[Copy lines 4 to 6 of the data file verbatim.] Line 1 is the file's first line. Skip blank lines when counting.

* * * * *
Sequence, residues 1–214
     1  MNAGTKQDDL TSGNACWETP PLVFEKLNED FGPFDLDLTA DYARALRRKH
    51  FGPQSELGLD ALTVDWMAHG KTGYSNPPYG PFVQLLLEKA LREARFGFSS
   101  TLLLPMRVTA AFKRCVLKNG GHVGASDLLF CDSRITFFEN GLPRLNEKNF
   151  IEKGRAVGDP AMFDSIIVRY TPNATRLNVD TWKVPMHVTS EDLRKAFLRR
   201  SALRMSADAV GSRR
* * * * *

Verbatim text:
   101  TLLLPMRVTA AFKRCVLKNG GHVGASDLLF CDSRITFFEN GLPRLNEKNF
   151  IEKGRAVGDP AMFDSIIVRY TPNATRLNVD TWKVPMHVTS EDLRKAFLRR
   201  SALRMSADAV GSRR